You may think your firm has a surfeit of advocates, but not in the sense we’re using it here. These advocates are not advocating for their view, but for advancing the client’s goals. The Holy Grail is “delivering something new for the client.” You may have noticed that this assumes the client wants “something new,” which is certainly the case in the mass media, fashion, and creative communications industries. Whether it’s true of your firm’s clients is for you to find out.
The downside of advocates is also their tremendous virtue: Great agility. They’ll come up with something “new,” believe-you-me, but they can go in too many directions at once or, having introduced the new new thing, jump immediately into the new new new thing without following through sufficiently on the (now old) new thing.
Does this sound at all familiar?
Out in the corporate wild, it’s common to see organizations getting in their own way when it comes to innovation. This is where motivators come in: They work to unleash the employees’ (and sometimes the customers’) creative spirit. That often involves getting the people and the culture focused on vision and imagination while reducing bureaucracy, complexity, and risk aversion. Motivators can come from many backgrounds (and may even fall into some of the categories already mentioned), but are distinguished by their fascination with narrative, people, and talent — and their friendly texts and voicemail messages. They define innovation as “unlocking the ideas of others.”
If you think your firm needs meaningful reinvention, you may want to call in a motivator and invite them to start instilling a mindset of “safe” (small-scale, quick-win/quick-fail) innovation. Count on them to come to the defense of the right kind of mavericks and designing incentive structures to encourage creative thinking.
But beware: Without clear and conspicuous support from your firm’s very topmost leadership–who have to walk the walk themselves–you’re going to be wasting your HR $$ on these people. Plus they’re savvy and they’ll jump ship the second or third time “sure” turns out to mean “in our own sweet, achingly protracted, time.”
Aaaah, now you’re talking law firm language! Organizers worship at the shrine of process, which means they may readily prefer the right process to the right outcome. Innovation is not the end, but crafting “the right process for generating new ideas” is the end.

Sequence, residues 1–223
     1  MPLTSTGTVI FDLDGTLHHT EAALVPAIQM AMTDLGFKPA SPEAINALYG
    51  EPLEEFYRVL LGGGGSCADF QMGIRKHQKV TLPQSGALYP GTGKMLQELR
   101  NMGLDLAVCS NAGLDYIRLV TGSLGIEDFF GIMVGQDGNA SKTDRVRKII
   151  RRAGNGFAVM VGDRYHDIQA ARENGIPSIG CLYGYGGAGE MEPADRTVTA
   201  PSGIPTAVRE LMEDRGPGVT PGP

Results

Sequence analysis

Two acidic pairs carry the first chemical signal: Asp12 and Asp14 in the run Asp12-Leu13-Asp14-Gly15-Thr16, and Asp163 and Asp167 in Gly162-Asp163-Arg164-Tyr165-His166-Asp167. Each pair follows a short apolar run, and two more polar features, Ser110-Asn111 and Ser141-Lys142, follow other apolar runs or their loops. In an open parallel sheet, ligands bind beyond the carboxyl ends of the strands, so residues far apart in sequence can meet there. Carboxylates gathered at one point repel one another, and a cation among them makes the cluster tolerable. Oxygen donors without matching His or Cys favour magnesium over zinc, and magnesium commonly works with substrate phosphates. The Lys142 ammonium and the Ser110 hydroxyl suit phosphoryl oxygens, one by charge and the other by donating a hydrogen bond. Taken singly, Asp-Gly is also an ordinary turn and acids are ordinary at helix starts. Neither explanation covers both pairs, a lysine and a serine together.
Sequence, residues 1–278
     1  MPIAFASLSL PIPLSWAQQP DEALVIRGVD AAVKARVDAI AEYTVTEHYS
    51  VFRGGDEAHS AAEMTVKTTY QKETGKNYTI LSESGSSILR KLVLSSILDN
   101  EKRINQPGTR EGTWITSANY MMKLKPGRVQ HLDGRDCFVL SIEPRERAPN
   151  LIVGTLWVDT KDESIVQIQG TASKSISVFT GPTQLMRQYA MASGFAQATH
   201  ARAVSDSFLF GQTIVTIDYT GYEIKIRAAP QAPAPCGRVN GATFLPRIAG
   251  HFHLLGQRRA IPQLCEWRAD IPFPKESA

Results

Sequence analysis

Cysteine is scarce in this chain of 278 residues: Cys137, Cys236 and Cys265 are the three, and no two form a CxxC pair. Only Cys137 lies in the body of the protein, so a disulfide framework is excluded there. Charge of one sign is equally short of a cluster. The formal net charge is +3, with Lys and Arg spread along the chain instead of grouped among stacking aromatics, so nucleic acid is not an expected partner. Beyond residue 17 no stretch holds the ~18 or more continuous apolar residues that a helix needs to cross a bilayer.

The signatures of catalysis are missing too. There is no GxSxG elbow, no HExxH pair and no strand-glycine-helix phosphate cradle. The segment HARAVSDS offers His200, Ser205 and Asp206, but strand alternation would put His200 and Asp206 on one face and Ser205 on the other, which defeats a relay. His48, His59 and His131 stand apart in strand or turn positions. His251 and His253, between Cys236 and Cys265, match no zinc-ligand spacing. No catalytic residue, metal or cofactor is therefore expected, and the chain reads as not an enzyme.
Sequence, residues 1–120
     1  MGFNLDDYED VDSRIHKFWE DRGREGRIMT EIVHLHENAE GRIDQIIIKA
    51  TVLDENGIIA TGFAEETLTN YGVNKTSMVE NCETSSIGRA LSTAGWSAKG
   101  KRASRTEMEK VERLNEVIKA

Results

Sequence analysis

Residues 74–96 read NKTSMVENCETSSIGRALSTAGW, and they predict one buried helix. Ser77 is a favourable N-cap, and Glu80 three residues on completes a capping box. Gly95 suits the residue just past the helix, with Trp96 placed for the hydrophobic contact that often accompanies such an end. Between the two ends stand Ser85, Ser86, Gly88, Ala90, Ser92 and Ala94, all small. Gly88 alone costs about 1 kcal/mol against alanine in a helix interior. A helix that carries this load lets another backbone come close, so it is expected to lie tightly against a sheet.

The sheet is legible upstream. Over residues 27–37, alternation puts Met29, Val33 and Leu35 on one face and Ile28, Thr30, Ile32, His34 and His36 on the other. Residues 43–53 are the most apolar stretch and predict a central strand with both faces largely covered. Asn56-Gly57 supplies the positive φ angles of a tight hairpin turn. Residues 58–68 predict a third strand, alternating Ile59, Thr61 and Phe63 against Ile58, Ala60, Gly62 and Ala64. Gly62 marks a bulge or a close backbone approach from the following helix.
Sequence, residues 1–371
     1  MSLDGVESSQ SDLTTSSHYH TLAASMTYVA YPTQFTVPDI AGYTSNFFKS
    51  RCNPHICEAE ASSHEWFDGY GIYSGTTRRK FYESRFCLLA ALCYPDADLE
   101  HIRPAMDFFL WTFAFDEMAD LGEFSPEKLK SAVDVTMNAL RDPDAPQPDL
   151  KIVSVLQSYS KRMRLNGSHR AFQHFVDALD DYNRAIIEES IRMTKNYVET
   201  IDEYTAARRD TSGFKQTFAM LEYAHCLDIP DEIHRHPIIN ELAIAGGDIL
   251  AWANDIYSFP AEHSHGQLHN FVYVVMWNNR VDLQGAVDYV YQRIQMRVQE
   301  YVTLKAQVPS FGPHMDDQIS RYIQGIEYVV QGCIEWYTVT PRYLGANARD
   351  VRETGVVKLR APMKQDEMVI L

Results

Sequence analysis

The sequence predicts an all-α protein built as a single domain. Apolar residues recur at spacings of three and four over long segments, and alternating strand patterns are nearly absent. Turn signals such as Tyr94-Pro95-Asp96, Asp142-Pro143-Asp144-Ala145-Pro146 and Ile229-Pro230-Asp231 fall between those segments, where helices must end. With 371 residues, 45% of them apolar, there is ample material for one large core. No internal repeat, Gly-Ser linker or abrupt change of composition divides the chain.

Organizers can be found most anywhere but are particularly attracted to professional services, academia, and government, fields with many knowledge workers. While they can drive some other types crazy, organizers can be highly valuable in companies where innovation efforts require wide employee participation and the real challenge is adequately managing them. Assuming there are fresh ideas to run through their processes, organizers create momentum, galvanize support, and deftly navigate politics to help innovations go from idea to reality.
Organizers are usually effective – but can also lose sight of the big picture.
So there’s our Linnaean specification of CINO’s.
Which one do you most need?
You’re probably thinking all of them have something to offer. True, and this takes us right back to what your firm means when it says it wants to serve up more of that innovation stuff. Are you seeking delightful client experiences, Six Sigma business process optimization, profit maximization, “Best Place to Work” accolades, dazzling marketing? Start there, not with the six species of CINO. (We can help with that, by the way.)
Regardless of which direction you think you should head, be aware that you’re competing with the wide world out there, not just other law firms. As The Lawyer noted just yesterday, Eversheds Sutherland lost Andrew McManus, its UK head of innovation, to Bridgepoint, a private equity shop, “as firms increasingly deal with an ever fluid recruitment market around technology roles.”
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